Yes, this would ultimately function very similarly to the Torix Bennett rear suspension...Although for all it's simplicity, I wonder just how' optimized' the geometry was actually capable of being. Interestingly enough, rather than literally being a trailing arm suspension with cross linking for cornering camber correction, my thought process started out more at the opposite end of the spectrum, as a swing axle with cross linking for straight line camber correction. The relative complexity of adding one pushrod and one rocker per side doesn't turn me off from this any more than it would an inboard suspension.

I certainly appreciate the fact that you've actually driven a Dax Rush with CC&AR. Can you provide more details on your experience and the balance, capabilities, and control/feedback? I'm really not surprised that it initially felt somewhat odd. How much time were you able to spend behind the wheel to acclimate yourself to the unfamiliar reactions? Do you think any of it had to do with their use of bushings, rather than spherical joints? Did it otherwise generally seem to deliver on their claims?

Regarding pitch control, I'm not sure I see how this is a 'problem' for a street car. Most street cars are sprung softly enough that they have considerable pitch anyways, well at least by racing standards, and this would not be much (if any) softer sprung than the equivalent conventional 'street' suspension I was originally planning on. Thus, the pitch motions shouldn't be much different either, except that this type of system would prevent the pitch motions from sacrificing grip.

Author:  Sam_68 [ April 2, 2017, 4:12 am ]
Post subject:  Re: CC&AR Revisited

Driven5 wrote:
Can you provide more details on your experience and the balance, capabilities, and control/feedback?

Honest answer is, no, not really: I drove the factory demonstrator, on public roads. Not for a huge distance and not at the sort of pace that would show up any serious shortcomings. So all I can offer is first impressions (and even that was a long time ago).

Having discussed my experience with owners of the cars, they claim that the steering feel issue doesn't exist/is easily acclimatized to, so maybe it was a simple case of 'bumpsteer' equivalent, with the geometry being slightly out on the car that I drove. The suspension movement as the chassis rises and falls (Dax used to have a very lightly sprung bare chassis that they use to take to the shows, to demonstrate the suspension as a 'party trick') was enough to make you seasick just watching it, though, and it felt like a little of that motion was being transmitted to the steering on the car that I drove... very hard to describe, but it felt like there was some sort of 'floating' linkage in the steering.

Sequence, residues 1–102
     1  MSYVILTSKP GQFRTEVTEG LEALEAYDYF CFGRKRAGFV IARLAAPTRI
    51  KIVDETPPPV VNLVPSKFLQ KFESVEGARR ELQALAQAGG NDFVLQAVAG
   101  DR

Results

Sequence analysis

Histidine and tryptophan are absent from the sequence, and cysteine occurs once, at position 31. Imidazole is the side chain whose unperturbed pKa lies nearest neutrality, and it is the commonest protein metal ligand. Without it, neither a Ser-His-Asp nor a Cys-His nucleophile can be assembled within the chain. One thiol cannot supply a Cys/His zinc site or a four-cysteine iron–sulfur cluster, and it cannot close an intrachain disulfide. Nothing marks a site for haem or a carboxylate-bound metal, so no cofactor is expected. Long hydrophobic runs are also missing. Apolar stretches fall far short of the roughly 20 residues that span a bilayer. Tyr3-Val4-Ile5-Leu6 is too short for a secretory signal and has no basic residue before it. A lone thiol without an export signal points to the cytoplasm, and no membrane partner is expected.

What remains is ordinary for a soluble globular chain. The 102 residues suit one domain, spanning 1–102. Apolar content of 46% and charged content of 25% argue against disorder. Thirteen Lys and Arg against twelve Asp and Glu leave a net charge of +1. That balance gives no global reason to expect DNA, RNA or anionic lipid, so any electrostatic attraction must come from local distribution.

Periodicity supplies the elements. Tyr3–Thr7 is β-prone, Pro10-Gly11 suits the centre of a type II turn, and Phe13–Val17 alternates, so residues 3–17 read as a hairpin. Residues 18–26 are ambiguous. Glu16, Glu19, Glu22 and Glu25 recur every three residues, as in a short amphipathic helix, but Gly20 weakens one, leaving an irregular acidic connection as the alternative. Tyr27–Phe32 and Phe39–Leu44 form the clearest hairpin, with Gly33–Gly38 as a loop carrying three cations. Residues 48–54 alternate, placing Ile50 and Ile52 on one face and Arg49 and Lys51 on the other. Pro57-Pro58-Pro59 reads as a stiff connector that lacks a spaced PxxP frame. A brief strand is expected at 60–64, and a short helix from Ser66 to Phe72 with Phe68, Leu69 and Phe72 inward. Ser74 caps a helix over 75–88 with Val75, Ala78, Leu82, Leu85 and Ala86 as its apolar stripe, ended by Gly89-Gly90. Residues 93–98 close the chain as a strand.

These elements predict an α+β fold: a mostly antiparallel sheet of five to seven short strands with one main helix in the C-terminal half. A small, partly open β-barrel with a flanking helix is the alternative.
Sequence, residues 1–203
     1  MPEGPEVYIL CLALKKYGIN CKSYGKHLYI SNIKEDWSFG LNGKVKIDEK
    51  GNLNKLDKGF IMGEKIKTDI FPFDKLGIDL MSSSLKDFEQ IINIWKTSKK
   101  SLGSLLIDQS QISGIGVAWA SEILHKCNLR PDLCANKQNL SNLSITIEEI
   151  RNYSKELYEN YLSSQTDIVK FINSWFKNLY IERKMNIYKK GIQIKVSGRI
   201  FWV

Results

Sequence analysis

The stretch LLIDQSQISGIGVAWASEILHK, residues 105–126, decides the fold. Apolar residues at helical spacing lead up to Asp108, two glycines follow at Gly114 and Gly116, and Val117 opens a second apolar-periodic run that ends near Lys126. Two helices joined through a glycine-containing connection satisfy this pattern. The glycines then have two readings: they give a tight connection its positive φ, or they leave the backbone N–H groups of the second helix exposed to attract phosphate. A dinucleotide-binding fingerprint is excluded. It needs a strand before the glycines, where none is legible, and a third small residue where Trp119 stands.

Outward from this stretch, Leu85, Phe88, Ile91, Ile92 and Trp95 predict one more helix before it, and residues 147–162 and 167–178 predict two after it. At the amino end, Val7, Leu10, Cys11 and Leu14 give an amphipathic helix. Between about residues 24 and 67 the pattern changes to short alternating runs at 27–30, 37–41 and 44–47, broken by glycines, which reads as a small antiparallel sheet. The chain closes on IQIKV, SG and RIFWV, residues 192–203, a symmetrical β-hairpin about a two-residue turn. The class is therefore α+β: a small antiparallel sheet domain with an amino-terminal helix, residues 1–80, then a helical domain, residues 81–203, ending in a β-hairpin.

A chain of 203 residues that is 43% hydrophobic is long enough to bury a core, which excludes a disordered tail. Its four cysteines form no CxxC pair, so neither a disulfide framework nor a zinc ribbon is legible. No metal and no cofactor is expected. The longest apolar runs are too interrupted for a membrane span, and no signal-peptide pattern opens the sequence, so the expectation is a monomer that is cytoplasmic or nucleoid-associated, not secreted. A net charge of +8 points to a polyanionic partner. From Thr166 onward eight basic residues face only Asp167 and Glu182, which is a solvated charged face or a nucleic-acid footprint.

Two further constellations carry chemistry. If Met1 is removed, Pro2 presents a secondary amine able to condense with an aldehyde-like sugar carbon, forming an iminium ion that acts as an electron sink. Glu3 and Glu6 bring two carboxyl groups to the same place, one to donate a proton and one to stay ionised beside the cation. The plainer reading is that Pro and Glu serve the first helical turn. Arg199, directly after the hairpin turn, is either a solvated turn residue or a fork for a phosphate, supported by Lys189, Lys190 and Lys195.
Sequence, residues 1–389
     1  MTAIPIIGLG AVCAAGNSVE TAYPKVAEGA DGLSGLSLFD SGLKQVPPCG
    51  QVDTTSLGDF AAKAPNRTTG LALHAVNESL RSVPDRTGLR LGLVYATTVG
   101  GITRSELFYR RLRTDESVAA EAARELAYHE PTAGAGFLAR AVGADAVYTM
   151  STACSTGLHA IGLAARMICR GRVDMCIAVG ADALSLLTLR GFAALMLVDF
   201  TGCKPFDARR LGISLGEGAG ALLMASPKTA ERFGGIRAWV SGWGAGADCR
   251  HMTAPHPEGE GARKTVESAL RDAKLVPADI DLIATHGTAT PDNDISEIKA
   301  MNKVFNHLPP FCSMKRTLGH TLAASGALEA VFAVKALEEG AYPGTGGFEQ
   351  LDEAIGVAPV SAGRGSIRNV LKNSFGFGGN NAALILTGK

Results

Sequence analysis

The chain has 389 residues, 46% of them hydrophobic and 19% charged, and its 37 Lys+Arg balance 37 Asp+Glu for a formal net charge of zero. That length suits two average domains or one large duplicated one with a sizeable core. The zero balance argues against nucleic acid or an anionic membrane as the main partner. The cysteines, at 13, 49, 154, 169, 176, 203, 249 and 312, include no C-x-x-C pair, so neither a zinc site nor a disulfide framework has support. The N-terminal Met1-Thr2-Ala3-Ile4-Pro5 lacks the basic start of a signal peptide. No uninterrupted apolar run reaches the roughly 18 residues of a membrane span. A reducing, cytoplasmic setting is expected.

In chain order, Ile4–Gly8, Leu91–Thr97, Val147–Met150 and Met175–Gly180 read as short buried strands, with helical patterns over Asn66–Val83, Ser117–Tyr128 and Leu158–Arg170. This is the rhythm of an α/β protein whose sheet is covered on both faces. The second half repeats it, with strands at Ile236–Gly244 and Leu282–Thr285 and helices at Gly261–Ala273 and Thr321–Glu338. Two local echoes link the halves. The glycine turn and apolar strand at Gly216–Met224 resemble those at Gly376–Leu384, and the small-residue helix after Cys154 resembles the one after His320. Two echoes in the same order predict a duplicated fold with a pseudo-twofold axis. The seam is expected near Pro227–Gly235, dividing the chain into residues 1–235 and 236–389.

Accuracy of geometry may be another Achille's heel of the system: spaceframes are not the most dimensionally perfect structures, even when you jig them up as carefully as you can. You can tolerate and dial-out any minor inaccuracies with a conventional double wishbone system. Given its additional complexity, it would be reasonable to assume that CC&AR is less tolerant and needs to be more carefully set up (IIRC, the factory used to do the suspension assembly on the CC&AR cars, whereas they trusted customers to bolt together the normal wishbone cars).

Pitch control on a street car is a problem because of suspension travel/ground clearance, when the street car is as low slung as a Seven.

Bottom line is that since it failed to demonstrate any clear advantage in racing, why would you want to risk the additional complexity, cost and oddities in the first place, other than to be different for the sake of being different?

Author:  RichardSIA [ April 2, 2017, 3:52 pm ]
Post subject:  Re: CC&AR Revisited

Ahh, now I wonder if this can be used to fix a rear swing axle?
Thinking mostly of Spitfiire and early GT6.
Really tired today but my first thought is that with fixed length axle there would be binding issues?
Need to mock this up!
After a nap.

Author:  Sam_68 [ April 2, 2017, 5:51 pm ]
Post subject:  Re: CC&AR Revisited

Yes, fixed length axle is always a problem, unless you can use it as a link. Nothing a pair of Rotoflexes won't sort out, though?

Author:  Driven5 [ April 2, 2017, 6:36 pm ]
Post subject:  Re: CC&AR Revisited

Sam_68 wrote:
Bottom line is that since it failed to demonstrate any clear advantage in racing, why would you want to risk the additional complexity, cost and oddities in the first place, other than to be different for the sake of being different?
Then again, there were also plenty of people who once professed these exact same sentiments about double wishbone suspensions...